present. If so, just proceed. Recrystallize the product using ethanol as solvent. Set the 2,4dinitrophenylhydrazone (DNP) derivative aside to dry and go on to the next step. Some DNPs will not
be very soluble in hot ethanol and will therefore not completely dissolve. If the derivative does not
dissolve in about 5 mL of hot ethanol, just heat the suspension for a few minutes, allow it to cool and
crystallize, collect it, rinse it, and allow it to dry as in a normal recrystallization. Even though it is not
a normal recrystallization, this treatment will remove most impurities. Waste: place all filtrates and
rinses into the Organic Liquid Waste container.
(2) Schiff's test. For a meaningful interpretation of the results, run the test on a control (known
compound which gives a + test: use benzaldehyde) and a blank (known compound which gives a - test:
use acetone), right alongside the test for the unknown. In other words, run three reactions at the same
time, one on benzaldehyde, one on acetone, and one on the unknown. To prevent contamination of the
reagent, first add the reagent to the tubes using the reagent pipet and then add the knowns and
unknown to the tubes using separate pipets. To 0.7 mL of Schiff's reagent in a reaction tube, add 1
drop of compound to be tested. A calibrated Pasteur pipet will be attached to the Schiff reagent bottle.
Some aldehydes react immediately and some may take a few minutes. A positive test is a deep,
magenta color similar to your benzaldehyde test. A pale pink color that develops over time is not a
positive test. Waste: place all Schiff's Test waste into the Organic Liquid Waste container.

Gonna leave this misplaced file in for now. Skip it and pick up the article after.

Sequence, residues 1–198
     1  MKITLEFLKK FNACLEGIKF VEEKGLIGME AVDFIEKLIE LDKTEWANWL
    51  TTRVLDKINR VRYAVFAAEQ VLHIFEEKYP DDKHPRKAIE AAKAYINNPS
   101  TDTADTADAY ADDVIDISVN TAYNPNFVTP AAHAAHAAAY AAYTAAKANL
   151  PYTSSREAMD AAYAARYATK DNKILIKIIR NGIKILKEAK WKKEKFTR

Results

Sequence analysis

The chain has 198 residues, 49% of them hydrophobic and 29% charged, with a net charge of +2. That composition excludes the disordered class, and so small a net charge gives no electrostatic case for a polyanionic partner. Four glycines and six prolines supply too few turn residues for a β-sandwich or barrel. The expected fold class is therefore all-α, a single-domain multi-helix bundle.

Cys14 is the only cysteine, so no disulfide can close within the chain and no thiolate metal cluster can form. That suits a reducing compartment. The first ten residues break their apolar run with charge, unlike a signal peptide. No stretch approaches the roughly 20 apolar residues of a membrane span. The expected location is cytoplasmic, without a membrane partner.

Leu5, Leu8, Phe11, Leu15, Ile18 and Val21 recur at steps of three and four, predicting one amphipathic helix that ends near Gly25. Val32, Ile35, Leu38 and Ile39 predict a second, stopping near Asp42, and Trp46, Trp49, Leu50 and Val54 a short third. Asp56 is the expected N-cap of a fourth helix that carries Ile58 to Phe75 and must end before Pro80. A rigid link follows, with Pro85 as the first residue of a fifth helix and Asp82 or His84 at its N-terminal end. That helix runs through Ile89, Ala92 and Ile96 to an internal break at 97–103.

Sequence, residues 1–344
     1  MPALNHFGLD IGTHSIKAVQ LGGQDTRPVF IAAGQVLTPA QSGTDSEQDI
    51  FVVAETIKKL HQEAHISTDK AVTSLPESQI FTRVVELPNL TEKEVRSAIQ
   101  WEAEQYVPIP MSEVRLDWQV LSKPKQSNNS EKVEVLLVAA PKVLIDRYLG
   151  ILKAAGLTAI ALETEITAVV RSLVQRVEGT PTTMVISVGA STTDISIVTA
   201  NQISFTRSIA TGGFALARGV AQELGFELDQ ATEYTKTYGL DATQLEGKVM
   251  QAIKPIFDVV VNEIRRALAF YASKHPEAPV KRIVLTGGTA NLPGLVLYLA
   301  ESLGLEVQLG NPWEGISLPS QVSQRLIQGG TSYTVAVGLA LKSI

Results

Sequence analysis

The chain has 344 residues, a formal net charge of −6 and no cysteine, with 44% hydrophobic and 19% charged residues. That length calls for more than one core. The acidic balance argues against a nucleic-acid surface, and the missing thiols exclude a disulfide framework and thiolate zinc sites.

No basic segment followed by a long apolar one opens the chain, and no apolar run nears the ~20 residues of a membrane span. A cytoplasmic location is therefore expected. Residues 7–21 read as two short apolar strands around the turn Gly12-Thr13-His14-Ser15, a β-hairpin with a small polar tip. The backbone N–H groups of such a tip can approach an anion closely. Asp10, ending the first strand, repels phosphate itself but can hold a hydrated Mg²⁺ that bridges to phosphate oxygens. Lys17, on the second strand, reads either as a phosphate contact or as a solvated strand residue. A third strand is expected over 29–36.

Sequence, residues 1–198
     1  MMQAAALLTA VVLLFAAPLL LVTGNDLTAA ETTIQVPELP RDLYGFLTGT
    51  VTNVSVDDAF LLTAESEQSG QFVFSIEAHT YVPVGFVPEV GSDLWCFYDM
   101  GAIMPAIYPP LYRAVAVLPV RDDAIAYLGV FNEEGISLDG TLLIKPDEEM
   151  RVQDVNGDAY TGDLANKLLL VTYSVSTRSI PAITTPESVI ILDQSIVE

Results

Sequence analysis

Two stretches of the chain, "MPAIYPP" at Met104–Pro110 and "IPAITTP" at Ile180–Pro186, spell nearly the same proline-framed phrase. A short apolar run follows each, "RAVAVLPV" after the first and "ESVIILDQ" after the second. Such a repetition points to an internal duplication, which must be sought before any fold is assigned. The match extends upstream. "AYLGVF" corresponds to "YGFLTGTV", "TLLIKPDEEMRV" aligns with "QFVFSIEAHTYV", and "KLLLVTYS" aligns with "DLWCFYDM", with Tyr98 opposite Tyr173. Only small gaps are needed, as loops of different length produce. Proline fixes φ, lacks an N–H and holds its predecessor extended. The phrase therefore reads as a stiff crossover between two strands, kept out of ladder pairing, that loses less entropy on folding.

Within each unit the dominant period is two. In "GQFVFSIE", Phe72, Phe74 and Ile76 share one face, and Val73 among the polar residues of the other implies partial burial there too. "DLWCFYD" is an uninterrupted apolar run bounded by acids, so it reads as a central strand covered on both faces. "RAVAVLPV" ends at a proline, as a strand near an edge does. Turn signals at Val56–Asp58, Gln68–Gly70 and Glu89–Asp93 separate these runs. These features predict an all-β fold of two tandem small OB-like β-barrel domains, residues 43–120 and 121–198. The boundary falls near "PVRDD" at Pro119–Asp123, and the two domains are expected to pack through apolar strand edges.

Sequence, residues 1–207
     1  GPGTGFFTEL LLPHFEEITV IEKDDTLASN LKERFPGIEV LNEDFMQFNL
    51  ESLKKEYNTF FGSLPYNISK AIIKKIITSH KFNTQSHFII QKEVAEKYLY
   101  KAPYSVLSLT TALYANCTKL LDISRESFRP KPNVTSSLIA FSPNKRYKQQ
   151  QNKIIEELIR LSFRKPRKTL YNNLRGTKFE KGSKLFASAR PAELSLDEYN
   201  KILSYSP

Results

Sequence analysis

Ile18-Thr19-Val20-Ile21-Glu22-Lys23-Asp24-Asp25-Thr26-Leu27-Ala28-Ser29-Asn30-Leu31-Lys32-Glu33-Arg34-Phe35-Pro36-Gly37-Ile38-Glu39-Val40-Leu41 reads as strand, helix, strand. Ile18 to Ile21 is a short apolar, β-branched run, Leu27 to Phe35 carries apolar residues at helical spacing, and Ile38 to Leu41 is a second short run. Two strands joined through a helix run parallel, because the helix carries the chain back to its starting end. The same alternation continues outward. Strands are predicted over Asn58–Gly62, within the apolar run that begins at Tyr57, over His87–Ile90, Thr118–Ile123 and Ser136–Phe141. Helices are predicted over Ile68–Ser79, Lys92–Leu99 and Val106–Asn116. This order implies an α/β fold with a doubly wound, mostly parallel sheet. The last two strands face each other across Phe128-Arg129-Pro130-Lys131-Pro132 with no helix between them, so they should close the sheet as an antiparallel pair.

(3) Iodoform test. Even if the result of the Schiff test indicates that the unknown is an aldehyde, carry
out the iodoform test (is there an aldehyde that would give a positive iodoform test?) First determine if
your unknown is water soluble by adding two drops of it to about 10 drops of water in a reaction tube,
mixing, and observing carefully. This will determine which procedure to use. As always, run a
control and a blank (acetone and water for water soluble and acetophenone and propiophenone for
water insoluble unknowns) right alongside the unknown.
For water soluble substances: in a small test tube, dissolve 1 drop of compound in 0.5 mL of
water, add 0.5 mL of 3 M sodium hydroxide and mix well, then add 0.75 mL of iodine solution
(iodine and potassium iodide in water) and mix well. For methyl ketones a yellow precipitate will
appear. Note that some dark iodine color may remain in both positive and negative cases, but that
this is not significant. It is the yellow precipitate that matters.
For water insoluble unknowns, dissolve 1 drop of the unknown in 0.5 mL of 1,2-dimethoxyethane,